New Morrisania apartment building provides supportive housing for the formerly homeless

New Morrisania apartment building provides supportive housing for the formerly homeless|New Morrisania apartment building provides supportive housing for the formerly homeless
The front façade of the building is quite colorful.
Photo by Miriam Quin

The key to better health may come with the key to the front door of a new apartment, officials who built a new supportive housing development suggest.

A new muli-unit building in Morrisania, that is offering housing for the formerly homeless, along with affordable rents for low-income families, opened on Tuesday, July 19.

Breaking Ground, a non-profit social services organization is the developer.

The colorful façade, modern design and pleasant public areas at the new 154-unit apartment building at 1191 Boston Road will be completely occupied by August, said Brenda Rosen, president of Breaking Ground.

The housing and support services for the formerly homeless at the building are designed to reduce Medicaid costs as part of the New York State and Governor Cuomo’s redesign of Medicaid.

“We knew that if we could get people housed and get them the support services that they need, that the Medicaid costs would go down,” said Rosen, adding that treating health conditions that have not been treated for years in a setting that is not an emergency room will often lead to reduced spending on healthcare.

The agency’s president believes that about $10,000 per formerly homeless person, per year can be saved if people who have been out on the street for months or for decades get the support and health services they need and remain in permanent housing.

Among the services that will be provided are primary medical treatment and psychiatric care, she said.

“The savings come from people not having to use public resources when they are out on the street,” said Rosen, adding that this includes fewer visits to emergency rooms, which are most costly, and people getting early treatment for chronic illnesses that are treatable leading to cost savings.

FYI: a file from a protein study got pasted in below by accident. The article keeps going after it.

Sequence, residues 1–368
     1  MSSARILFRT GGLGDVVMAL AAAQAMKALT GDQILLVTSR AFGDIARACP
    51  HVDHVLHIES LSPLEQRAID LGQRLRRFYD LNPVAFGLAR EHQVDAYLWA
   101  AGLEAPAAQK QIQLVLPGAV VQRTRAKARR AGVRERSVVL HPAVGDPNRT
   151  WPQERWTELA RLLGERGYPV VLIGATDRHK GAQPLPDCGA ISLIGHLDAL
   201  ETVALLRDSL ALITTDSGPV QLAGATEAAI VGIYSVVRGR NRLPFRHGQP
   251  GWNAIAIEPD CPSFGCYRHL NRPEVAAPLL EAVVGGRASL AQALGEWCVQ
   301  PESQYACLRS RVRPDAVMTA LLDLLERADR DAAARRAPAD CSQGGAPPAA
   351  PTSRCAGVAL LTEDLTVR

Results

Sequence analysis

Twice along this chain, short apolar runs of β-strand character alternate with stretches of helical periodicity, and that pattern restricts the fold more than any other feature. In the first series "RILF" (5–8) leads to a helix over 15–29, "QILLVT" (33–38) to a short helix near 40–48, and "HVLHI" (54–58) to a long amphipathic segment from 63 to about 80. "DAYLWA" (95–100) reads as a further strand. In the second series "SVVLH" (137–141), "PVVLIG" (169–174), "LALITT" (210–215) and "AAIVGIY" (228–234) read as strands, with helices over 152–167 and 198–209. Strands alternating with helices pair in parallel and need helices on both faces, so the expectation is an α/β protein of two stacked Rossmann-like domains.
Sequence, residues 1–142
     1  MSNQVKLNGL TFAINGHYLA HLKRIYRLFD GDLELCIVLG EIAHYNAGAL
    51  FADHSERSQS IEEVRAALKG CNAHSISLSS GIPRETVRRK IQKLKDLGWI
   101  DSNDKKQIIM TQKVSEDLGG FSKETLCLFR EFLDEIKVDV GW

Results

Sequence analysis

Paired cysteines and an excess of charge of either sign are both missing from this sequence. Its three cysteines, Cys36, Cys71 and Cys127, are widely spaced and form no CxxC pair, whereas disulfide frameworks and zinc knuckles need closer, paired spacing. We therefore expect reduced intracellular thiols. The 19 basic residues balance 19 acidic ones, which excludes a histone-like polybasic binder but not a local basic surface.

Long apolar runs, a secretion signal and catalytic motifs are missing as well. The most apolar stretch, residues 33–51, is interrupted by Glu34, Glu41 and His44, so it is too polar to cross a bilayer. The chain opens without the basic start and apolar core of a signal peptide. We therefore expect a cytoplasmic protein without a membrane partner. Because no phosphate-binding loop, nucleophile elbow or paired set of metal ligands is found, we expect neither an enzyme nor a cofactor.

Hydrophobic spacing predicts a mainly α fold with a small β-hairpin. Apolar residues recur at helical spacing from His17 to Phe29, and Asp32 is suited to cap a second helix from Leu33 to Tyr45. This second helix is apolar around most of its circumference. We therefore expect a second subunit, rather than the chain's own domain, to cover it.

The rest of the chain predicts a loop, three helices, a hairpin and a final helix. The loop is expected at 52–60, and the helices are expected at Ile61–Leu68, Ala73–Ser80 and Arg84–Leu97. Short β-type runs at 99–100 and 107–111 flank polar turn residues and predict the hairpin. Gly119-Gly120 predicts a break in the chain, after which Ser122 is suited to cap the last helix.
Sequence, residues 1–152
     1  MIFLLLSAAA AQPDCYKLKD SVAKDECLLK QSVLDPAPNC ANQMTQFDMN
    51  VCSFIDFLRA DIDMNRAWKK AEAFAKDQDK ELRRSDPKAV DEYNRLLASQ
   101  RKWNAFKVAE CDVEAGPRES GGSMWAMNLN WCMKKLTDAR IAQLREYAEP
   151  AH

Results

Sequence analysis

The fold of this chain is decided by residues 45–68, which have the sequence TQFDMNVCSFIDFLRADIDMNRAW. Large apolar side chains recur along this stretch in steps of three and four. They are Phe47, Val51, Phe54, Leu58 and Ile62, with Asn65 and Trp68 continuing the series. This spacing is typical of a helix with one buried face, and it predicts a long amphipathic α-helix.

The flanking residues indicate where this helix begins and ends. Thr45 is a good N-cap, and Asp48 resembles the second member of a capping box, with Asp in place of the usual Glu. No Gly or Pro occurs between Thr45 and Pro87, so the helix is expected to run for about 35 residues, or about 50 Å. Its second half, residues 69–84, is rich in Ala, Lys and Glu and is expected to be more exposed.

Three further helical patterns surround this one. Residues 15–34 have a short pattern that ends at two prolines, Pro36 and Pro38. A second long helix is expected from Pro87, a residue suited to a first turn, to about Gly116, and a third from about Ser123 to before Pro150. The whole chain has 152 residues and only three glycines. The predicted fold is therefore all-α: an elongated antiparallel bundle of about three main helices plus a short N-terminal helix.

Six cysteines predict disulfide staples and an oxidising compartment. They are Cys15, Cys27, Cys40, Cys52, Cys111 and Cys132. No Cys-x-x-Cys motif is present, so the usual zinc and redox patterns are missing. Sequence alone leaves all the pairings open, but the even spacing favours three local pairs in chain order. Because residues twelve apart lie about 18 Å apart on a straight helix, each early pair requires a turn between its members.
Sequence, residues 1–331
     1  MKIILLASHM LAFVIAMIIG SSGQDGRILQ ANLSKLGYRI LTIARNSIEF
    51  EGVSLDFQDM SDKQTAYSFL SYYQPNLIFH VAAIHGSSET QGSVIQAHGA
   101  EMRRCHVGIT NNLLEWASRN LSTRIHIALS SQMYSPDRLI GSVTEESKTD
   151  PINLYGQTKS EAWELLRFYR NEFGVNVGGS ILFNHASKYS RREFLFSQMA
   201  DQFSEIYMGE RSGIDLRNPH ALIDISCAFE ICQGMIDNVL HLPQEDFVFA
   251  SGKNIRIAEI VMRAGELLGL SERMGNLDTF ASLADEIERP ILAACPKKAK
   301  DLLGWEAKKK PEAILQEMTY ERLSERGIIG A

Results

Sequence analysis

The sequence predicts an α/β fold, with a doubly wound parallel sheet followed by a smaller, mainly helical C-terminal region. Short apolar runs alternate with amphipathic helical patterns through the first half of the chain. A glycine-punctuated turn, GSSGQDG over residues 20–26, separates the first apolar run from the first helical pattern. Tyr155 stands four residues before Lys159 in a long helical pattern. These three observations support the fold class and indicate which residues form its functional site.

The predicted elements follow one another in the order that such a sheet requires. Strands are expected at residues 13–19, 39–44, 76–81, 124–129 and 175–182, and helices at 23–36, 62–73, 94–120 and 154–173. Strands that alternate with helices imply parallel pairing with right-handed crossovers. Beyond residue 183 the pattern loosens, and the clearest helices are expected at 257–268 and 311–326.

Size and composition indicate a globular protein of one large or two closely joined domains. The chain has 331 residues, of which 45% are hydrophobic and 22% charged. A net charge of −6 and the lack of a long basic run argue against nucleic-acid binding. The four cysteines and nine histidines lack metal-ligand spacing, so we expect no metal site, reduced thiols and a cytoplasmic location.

Sometimes, homeless people perish on the street from chronic medical conditions that are treatable, she said.

Breaking Ground dedicated 94 units to formerly homeless people who were high users of Medicaid dollars. The remaining 60 units were reserved for people and families making from $18,000 to $35,280 per year.

Applications are being accepted for the affordable units.

The 94,000 square-foot, 12-story building features amenities including high-efficiency mechanical systems and lighting, water-saving fixtures, a green roof, fitness room, computer lab, on-site laundry, bicycle storage and 24-hour security. It is also a ‘green building,’ with certification pending.

Construction began in November 2013 and was completed earlier this year.

The housing for the formerly homeless residents works like other rent-stabilized apartments, said Rosen, and it is permanent, with tenants expected to pay rent.

As long as they pay their rent, they can stay as long as they like, she said.

“I think the best thing about (the housing) is that it gives people the opportunity to restore their lives and become contributing members of society once again,” said Rosen.

Reach Reporter Patrick Rocchio at (718) 260–4597. E-mail him at Follow him on Twitter @patrickfrocchio.
The building’s courtyard has foliage and a sitting area.
Photo by Miriam Quin

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